Barber County Kansas
John W. Potes died at his home six miles northwest of this city, on Sunday, September 21, 1902, at 7:30 a.m. He had been sick twenty-three days and his case was regarded fatal after the first week's illness. He was afflicted with acute liver and kidney trouble. He had several attacks before and he told his friends when this attack came that he could not survive it.
Funeral services were held at the Christian church Monday afternoon, under the auspices of the Masonic Lodge of which Mr. Potes was an honored member, Elder R. H. Tanksley preached the sermon.
John W. Potes was born near Cleveland, Ohio, November 30, 1887, and died September 21, 1902, and was therefore 64 years, 9 months and 21 days of age. He was married twice and survived both wives. His first wife died in Michigan and his second wife died at Alva, Oklahoma, a few years ago. Three grown children survive him, two sons living in eastern Kansas and a daughter, Mrs. L. D. Elliott, of this place with whom he made his home. Her grief is sacred and the community mourns with her in the loss of a kind father and an exemplary citizen.
He came to Kansas in January, 1884, and bought a quarter section of land three miles northwest of Kiowa and lived there until 1892 when he became treasurer of Barber county. He moved to Medicine Lodge in the fall of that year, was elected a second time to that office and has claimed this as his home ever since. After his second term as treasurer expired he was elected police judge of this city and after serving one term in that capacity he retired to private life.
Uncle John, as he was familiarly known, was a man of strong political and religious convictions and his daily life both public and private was based on the principles of righteousness. It has been our pleasure to know him as a neighbor and as a friend during our seventeen years in Kansas and when we speak of him as a man of a large heart we speak knowingly. When sorrow came to the home of its neighbors and friends he came to comfort, to assist and to sympathize. When the public welfare was under consideration he was always ready to help. His life was well lived and while we mourn his departure we find consolation in the fact that he had gone to a reward higher and grander than moral man can bestow.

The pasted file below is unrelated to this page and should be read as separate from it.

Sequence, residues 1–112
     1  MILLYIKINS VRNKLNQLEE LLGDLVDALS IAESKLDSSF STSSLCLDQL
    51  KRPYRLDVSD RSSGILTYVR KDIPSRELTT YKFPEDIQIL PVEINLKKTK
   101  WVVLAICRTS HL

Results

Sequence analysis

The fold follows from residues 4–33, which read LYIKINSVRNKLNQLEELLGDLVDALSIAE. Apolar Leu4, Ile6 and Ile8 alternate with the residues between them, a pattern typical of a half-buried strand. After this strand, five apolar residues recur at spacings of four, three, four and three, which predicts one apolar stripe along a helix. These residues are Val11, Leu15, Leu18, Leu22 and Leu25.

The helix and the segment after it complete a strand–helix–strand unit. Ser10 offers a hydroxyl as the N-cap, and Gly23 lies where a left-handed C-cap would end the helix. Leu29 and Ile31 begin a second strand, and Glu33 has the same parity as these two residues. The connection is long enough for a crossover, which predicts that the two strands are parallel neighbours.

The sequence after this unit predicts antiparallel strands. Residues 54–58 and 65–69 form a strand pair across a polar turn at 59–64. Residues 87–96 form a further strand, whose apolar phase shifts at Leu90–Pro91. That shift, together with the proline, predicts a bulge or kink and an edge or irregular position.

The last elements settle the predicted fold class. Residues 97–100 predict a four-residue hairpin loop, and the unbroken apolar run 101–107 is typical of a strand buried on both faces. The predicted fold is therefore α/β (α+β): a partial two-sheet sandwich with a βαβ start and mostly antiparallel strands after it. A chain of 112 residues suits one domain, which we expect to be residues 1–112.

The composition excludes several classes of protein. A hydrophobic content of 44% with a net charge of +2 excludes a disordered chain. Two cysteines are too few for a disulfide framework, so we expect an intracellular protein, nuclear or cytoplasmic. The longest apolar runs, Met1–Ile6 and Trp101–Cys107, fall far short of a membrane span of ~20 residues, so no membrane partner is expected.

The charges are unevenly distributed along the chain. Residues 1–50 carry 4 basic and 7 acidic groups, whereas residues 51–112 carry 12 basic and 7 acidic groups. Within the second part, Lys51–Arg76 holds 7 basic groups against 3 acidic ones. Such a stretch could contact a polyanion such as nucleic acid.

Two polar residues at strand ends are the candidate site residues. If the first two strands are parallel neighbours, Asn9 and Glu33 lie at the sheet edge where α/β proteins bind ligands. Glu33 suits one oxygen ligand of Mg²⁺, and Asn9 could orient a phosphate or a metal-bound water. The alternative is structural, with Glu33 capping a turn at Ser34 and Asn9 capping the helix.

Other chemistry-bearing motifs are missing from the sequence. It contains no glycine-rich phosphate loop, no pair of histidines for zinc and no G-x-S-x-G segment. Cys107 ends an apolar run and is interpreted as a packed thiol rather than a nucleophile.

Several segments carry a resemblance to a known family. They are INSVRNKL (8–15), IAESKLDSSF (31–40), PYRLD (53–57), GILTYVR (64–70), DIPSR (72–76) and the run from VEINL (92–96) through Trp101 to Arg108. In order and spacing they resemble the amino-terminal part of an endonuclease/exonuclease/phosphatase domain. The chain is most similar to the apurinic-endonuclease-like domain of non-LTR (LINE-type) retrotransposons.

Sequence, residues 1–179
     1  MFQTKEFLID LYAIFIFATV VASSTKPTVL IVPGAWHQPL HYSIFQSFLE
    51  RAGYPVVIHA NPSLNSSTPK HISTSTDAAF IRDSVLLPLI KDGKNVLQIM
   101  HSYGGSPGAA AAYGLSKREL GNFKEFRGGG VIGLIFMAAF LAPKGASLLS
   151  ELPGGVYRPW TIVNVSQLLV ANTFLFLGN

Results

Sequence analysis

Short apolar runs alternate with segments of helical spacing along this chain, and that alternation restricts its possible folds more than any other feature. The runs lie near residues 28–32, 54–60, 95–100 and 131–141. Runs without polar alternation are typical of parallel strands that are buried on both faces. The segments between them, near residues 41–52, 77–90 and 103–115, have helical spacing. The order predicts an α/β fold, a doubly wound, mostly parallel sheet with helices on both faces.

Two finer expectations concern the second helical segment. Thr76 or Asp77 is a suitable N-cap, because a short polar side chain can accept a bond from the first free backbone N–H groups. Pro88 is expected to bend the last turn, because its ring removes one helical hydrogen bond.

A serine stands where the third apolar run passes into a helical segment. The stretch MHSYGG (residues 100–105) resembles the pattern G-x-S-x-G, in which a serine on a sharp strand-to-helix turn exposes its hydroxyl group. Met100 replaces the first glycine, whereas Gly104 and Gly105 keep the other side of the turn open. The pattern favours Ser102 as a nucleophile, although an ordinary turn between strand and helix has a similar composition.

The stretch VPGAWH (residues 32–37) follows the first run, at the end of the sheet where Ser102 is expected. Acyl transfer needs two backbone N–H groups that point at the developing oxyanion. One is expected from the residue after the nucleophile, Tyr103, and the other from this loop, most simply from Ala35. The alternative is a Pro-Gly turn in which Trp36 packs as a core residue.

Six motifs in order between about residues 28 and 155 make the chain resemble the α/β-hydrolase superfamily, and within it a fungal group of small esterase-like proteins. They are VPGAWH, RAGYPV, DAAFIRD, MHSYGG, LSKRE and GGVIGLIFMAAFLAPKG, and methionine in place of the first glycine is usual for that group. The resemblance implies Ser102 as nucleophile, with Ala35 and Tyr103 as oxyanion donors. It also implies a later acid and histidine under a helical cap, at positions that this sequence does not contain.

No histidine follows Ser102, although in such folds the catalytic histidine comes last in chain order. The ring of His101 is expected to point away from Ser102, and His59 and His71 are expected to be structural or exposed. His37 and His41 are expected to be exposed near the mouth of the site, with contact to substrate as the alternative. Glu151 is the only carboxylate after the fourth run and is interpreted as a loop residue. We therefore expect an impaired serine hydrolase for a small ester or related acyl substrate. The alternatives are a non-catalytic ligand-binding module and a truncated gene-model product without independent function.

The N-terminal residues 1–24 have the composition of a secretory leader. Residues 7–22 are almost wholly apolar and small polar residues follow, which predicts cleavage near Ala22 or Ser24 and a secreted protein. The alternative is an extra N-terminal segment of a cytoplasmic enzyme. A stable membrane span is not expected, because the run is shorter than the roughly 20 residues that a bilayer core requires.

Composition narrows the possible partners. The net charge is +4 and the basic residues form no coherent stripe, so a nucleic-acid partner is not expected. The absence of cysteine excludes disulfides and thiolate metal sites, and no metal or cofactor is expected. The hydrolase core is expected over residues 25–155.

Mr. and Mrs. Elliott take this means of extending their sincere thanks to the many friends for their assistance, and especially to the neighbors who ministered to their father during his last suffering and affliction. Their kindness will always be gratefully remembered.
The Masonic lodge adopted the following resolutions:
Be it received by Deta Lodge A. F. & A. M. , No 77, of Medicine Lodge, Kansas:
That is the death of Brother John W. Potes this Lodge has lost the influence and sympathy of a Mason whose life and character among men and Masons was an exemplification of the principles and virtues inculcated by the fraternity.
That the state has lost an honored citizen and his family a kind and affectionate father. The loss to his family and friends is irreparable. It can be said of him truthfully that he was one of the Noblest of his Kind. He was careful and attentive in his own affairs and he died with his face to the future and the line of duty. In all the walks of life he stood for integrity and honor among men and at the last without a tremor or a fear he passed to that "Undiscovered Country from whose Bourn no traveler returns." We cherish his memory here; we commend his spirit to God who gave it, and consign his body to the earth.
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